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459Because the C<here> is before the C<.*> in the pattern, its position
460can be determined exactly. That's not true, however, for the C<there>;
461it could appear at any point after where the anchored string appeared.
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462Perl uses both for its optimisations, prefering the longer, or, if they are
463equal, the floating.
464
465B<NOTE:> This may not necessarily be the definitive longest anchored and
432acd5f 466floating string. This will be what the optimiser of the Perl that you
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467are using thinks is the longest. If you believe that the result is wrong
468please report it via the L<perlbug> utility.
469
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470=item regname($name,$qr,$all)
471
472Returns the contents of a named buffer. If $qr is missing, or is not the
473result of a qr// then returns the result of the last successful match. If
474$all is true then returns an array ref containing one entry per buffer,
475otherwise returns the first defined buffer.
476
477=item regnames($qr,$all)
478
479Returns a list of all of the named buffers defined in a pattern. If
480$all is true then it returns all names defined, if not returns only
481names which were involved in the last successful match. If $qr is omitted
482or is not the result of a qr// then returns the details for the last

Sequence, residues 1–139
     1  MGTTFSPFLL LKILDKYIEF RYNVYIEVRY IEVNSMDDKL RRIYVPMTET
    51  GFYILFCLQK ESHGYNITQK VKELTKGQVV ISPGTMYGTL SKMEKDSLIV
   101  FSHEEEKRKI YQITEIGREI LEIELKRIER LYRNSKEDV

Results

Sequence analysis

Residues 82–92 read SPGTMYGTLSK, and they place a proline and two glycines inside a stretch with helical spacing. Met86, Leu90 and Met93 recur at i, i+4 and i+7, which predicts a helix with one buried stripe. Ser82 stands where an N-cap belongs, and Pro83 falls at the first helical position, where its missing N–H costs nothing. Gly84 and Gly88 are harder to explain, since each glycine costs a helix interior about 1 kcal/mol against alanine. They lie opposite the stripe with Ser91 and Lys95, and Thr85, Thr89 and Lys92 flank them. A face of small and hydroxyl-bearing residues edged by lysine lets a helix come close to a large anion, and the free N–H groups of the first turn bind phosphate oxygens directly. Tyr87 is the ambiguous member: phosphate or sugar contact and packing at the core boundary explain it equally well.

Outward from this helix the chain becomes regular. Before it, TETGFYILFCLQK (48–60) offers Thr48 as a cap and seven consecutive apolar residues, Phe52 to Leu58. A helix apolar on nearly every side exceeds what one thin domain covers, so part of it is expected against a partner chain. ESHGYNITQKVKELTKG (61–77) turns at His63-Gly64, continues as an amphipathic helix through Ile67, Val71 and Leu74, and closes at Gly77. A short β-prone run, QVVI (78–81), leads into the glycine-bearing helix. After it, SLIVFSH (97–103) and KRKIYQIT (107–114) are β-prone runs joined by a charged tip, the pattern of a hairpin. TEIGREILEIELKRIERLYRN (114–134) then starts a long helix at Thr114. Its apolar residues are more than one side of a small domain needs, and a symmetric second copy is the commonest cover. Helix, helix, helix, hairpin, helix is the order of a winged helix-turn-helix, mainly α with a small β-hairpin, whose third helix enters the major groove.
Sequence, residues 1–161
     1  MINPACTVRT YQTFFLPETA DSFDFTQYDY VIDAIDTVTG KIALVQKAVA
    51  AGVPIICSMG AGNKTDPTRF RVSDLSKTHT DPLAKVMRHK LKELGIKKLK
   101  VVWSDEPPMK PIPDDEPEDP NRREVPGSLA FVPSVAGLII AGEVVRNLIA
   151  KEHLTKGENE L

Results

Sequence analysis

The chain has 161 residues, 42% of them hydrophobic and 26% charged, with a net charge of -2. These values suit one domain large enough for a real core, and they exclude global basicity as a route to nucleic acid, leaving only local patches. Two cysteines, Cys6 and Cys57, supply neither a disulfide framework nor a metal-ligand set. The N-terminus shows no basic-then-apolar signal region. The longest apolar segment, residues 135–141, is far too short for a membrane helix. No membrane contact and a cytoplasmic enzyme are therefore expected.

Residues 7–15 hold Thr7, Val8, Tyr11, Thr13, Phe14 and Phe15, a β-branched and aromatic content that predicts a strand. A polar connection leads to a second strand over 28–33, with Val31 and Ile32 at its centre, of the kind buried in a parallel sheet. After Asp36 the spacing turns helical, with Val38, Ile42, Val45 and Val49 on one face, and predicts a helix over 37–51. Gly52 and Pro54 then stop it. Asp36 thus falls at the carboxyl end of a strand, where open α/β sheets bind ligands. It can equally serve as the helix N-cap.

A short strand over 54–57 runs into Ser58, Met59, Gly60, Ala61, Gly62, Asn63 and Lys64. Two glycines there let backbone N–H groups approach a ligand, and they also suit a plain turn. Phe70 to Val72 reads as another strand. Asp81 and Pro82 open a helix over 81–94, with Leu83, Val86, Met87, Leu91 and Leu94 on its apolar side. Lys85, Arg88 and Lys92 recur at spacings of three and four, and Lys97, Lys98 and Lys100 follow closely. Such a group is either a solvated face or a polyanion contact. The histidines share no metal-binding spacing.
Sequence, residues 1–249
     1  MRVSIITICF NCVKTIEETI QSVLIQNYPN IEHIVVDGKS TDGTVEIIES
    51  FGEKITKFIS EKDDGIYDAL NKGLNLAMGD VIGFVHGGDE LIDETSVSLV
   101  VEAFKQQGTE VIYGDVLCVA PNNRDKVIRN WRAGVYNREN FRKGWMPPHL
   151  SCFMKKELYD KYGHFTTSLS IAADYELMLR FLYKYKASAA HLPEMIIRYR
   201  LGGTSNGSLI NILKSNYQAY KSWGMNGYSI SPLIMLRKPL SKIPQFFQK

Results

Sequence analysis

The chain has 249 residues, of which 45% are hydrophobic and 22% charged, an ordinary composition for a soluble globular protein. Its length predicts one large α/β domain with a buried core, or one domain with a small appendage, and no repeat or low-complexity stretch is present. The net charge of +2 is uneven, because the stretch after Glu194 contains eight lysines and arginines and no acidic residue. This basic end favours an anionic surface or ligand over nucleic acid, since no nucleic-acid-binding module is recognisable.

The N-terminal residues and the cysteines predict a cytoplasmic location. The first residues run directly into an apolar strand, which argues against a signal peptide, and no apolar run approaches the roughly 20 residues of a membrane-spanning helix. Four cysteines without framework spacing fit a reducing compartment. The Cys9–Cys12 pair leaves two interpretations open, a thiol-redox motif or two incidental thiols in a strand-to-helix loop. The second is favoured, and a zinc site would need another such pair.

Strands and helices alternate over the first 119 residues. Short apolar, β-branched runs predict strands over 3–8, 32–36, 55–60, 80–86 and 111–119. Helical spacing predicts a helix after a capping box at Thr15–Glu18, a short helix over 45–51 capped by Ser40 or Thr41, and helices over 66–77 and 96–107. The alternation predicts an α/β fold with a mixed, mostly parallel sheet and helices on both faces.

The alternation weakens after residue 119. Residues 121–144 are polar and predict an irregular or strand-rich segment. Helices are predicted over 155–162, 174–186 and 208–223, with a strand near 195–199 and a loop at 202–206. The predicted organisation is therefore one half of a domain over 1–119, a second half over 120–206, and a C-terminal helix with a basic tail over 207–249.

483successful match.
484
485=item regnames_iterinit($qr)
486
487Initializes the internal hash iterator associated to a regexps named capture
488buffers. If $qr is omitted resets the iterator associated with the regexp used
489in the last successful match.
490
491=item regnames_iternext($qr,$all)
492
493Gets the next key from the hash associated with a regexp. If $qr
494is omitted resets the iterator associated with the regexp used in the
495last successful match. If $all is true returns the keys of all of the
496distinct named buffers in the pattern, if not returns only those names
497used in the last successful match.
498
499=item regnames_count($qr)
500
501Returns the number of distinct names defined in the regexp $qr. If
502$qr is omitted or not a regexp returns the count of names in the
503last successful match.
504
505B<Note:> that this result is always the actual number of distinct
506named buffers defined, it may not actually match that which is
507returned by C<regnames()> and related routines when those routines
508have not been called with the $all parameter set..
509
de8c5301 510=back
b3eb6a9b 511
de8c5301 512=head1 SEE ALSO
b3eb6a9b 513
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514L<perlmodlib/Pragmatic Modules>.
515
516=cut